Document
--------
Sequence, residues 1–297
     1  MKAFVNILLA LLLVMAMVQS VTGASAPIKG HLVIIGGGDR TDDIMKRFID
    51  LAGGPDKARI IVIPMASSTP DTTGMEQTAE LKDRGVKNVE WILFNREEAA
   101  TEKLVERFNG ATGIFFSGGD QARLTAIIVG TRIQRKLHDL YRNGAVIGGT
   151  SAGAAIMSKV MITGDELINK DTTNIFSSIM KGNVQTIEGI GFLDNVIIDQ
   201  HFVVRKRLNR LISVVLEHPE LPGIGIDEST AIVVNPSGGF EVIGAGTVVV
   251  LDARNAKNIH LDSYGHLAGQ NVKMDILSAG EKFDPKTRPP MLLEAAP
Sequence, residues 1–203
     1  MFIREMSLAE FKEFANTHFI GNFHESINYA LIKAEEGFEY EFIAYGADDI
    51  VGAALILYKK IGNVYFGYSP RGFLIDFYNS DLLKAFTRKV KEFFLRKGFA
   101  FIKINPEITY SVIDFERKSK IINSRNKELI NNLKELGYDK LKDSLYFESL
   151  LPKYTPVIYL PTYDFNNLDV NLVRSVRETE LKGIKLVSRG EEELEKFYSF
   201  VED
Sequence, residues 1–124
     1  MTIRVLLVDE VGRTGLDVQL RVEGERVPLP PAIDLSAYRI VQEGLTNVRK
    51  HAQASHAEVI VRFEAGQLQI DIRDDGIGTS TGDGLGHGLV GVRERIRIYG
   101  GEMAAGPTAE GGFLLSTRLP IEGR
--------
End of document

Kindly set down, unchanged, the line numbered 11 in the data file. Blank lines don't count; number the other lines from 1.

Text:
   101  FIKINPEITY SVIDFERKSK IINSRNKELI NNLKELGYDK LKDSLYFESL